The Church grows, grows, grows rampant, becomes temple, becomes the world religion. Over the course of a thousand years and more its highly differentiated theology grows along with the temple-church-religion. It grows along with a theology of the kingdom of God, of the place of longing in the world beyond and our meek earthly vale of tears.

The gods return in other powerful places of longing in this world. The communist religion of salvation spreads brutally over half the world, the brown canopy stretches over Germany, and in this Reich the “salvation of the Jews” was unbearable for the Heil Hitler. The world witnesses the inconceivable genocide of the people of God in the midst of Christianity.

Today “after everything is over forever”, today we live in a materialistic, capitalistic, global lap of luxury, addicted to places of longing, with a little bit of pleasure for the day and a little bit of pleasure for the night. We want to dance, in a boundless pleasure-world-place-of-longing, and we are dancing on a volcano. Because our exact world of science shows us the consequence of such dancing. A moment of materialistic, capitalistic, global fraternity? A possible solidary look outside the box of our goings-on? In the world we are like little bacteria in a round Petri dish in a super nutrient solution. The bacteria thrive, multiply, multiply on and on until the entire dish is filled. “Have dominion over the Petri dish!” Then the super nutrient solution is used up and the bacteria die. That’s how it goes, even with the big animals. Empty churches, empty world. Where can help come from? Our help is in the name of the Lord! Lord? Address unknown? rus

Expectation and reality

by J. Sacks

The Jews have learned to see the world completely differently. The book of Genesis, the first book of Moses, starts with God, who creates man “in his image and likeness.”

This sentence has become so familiar to us that we forget how paradox it really is – in the Hebrew Bible God has no image or likeness. But in the following tale it quickly becomes clear what humans have in common with God: freedom and responsibility. This creates a difficult theological dilemma. How can we reconcile the great hopes that God puts in humanity with the shabby and thin file of our moral history? The answer is: forgiveness. God wrote forgiveness into the script. He always gives us a second chance, and then another and another. All we have to do is recognize our wrongdoing, ask for forgiveness, make up for it and decide to do better – and God forgives. We can uphold the highest expectations, if at the same time we honestly admit our most hidden weaknesses.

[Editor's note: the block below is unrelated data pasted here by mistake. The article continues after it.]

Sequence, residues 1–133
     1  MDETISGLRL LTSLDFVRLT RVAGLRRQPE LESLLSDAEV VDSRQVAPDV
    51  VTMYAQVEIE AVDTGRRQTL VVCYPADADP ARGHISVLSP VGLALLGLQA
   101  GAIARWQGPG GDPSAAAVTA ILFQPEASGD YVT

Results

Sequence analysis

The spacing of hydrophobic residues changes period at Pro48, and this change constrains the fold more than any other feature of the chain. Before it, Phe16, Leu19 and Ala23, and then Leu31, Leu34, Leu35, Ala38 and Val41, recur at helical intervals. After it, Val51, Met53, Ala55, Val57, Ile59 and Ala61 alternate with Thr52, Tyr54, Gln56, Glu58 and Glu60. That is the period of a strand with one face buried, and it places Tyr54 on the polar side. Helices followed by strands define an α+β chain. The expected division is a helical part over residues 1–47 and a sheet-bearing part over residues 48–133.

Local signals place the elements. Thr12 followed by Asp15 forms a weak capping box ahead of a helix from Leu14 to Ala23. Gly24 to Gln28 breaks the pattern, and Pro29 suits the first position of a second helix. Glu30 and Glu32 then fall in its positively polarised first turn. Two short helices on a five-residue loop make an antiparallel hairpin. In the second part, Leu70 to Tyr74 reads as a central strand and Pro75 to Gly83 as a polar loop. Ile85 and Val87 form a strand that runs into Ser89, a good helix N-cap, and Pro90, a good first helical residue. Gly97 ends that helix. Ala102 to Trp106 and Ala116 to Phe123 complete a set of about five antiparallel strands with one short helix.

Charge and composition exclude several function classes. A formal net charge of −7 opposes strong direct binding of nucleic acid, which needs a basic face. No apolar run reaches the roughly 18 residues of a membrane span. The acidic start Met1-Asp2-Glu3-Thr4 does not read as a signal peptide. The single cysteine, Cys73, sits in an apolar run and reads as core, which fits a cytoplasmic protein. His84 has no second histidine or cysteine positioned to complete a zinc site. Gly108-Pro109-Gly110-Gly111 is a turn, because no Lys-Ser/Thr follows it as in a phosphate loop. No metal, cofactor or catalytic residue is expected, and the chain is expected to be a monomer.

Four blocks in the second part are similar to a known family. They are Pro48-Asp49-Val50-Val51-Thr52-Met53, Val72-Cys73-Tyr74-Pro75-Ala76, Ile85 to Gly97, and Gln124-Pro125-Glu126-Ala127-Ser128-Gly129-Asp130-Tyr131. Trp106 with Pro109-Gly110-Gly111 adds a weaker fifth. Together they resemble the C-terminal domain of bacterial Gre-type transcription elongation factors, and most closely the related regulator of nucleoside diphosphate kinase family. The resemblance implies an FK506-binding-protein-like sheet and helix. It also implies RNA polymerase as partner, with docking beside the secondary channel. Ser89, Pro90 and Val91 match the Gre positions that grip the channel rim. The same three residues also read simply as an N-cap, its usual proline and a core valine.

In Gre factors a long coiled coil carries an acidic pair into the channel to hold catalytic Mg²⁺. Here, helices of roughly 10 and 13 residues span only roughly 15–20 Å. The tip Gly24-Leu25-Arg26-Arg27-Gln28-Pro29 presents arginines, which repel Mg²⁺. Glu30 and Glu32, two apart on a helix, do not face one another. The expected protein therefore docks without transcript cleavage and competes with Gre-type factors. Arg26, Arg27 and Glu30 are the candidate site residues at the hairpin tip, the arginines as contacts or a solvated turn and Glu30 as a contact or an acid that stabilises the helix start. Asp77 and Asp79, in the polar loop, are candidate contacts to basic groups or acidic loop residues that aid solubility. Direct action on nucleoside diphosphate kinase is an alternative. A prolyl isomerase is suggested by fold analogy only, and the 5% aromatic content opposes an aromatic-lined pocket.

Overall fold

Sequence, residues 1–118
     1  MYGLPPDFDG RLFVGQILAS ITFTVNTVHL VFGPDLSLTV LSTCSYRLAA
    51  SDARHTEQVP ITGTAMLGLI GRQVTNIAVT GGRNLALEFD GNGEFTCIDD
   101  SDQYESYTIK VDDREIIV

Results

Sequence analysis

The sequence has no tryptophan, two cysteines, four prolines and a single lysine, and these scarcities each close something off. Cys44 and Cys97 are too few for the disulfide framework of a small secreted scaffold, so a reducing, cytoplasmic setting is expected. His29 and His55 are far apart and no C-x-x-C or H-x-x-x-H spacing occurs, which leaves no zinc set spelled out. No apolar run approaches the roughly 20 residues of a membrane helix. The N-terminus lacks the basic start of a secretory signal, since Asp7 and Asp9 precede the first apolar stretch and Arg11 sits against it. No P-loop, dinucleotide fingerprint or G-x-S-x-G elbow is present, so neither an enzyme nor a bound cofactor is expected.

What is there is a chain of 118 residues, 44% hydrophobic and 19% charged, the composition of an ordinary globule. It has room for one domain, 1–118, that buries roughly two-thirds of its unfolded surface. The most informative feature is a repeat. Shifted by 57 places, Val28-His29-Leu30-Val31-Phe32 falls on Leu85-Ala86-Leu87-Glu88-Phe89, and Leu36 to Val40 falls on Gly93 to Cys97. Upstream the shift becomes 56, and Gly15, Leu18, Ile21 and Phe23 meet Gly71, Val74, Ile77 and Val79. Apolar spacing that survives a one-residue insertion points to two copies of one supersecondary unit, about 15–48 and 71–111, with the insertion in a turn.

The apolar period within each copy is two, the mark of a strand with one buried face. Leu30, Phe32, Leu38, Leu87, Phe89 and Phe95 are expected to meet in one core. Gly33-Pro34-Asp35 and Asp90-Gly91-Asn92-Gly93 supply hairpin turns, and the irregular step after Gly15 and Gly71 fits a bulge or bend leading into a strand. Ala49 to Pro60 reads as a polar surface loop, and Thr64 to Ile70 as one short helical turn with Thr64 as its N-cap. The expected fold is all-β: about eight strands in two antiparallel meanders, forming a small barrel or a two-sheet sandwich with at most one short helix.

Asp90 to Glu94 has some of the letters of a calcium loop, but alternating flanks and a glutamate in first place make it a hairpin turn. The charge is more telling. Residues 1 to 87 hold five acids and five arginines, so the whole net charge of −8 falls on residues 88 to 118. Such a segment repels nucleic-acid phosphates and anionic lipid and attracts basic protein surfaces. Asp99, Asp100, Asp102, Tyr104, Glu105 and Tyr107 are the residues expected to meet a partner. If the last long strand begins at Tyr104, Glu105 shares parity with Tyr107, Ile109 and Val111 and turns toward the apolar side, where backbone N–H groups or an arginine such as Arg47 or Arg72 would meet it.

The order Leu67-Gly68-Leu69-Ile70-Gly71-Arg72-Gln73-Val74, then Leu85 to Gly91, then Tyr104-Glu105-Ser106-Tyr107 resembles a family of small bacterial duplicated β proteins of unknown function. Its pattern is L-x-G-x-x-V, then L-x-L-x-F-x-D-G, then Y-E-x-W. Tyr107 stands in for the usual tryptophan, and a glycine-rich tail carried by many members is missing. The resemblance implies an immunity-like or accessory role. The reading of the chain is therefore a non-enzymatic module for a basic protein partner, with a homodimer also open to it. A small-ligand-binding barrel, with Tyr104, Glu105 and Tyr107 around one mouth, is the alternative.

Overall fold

Translated from: Jonathan Sacks, Vom Schicksal zum Glauben, Jüdische Allgemeine, 9. September 2018

Not mission, but dialogue

by Joseph Ratzinger/Benedict XVI

The task Christ left to his disciples is the mission among all peoples and cultures. The goal is to introduce people to the “unknown God” (Acts 17,23). Man has the right to know God because only he who knows God is able to live the human existence properly. That is why the missionary mandate is universal – with one exception:

Missionizing the Jews was simply not intended and not necessary because they alone among the peoples knew the “unknown God”. Therefore, it is not mission that applied and applies to Israel, but dialogue about whether Jesus of Nazareth is “the Son of God, the Logos” for whom, according to the promises made to his people, Israel and, without knowing it, humanity waits. Taking up this dialogue anew is the task set for us in this hour.


Translated from: Joseph Ratzinger/Benedikt XVI., Nicht Mission, sondern Dialog, Herder Korrespondenz 12/2018

Noble restraint

“The churches stand up for…”

– others to act.


“Waiting for God”, the noblest form of failure to do good.


Abandoning oneself to God often means abandoning God.



Safe distance

The bible could become a bestseller

because a method was found

to read and interpret it without doing it.

True: The official should take a back seat

to the cause. He represents it as a witness,

he does not produce it. – But today they step so far

into the background that the cause stands alone. luw

Today’s Creed:

I believe in the harmony within the universe and

That the Jew Jesus was an example of the new

Gentle man and

That the spirit blows everywhere (except in Rome)

And that therefore we don’t need a Church. Amen.


Struggles of the beginning

How Moses had to begin at the beginning and teach them beginnings, that is to be deduced from the simple precepts with which he started to work and chisel and blast. Not to their comfort, certainly, for the stone does not take sides with the master but against him; to the stone the first stroke struck to form it appears as a most unnatural action.

Moses was always in their midst, here, there, in this and that encampment. Shaking his broad-wristed fists, he jogged, censored, chided, and churned their existence; he reproved, chastised and cleansed, using as his touchstone the invisibility of the God JHWH who had led them out of Egypt in order to choose them as his people..

From: Thomas Mann, The Tables of the Law (1944)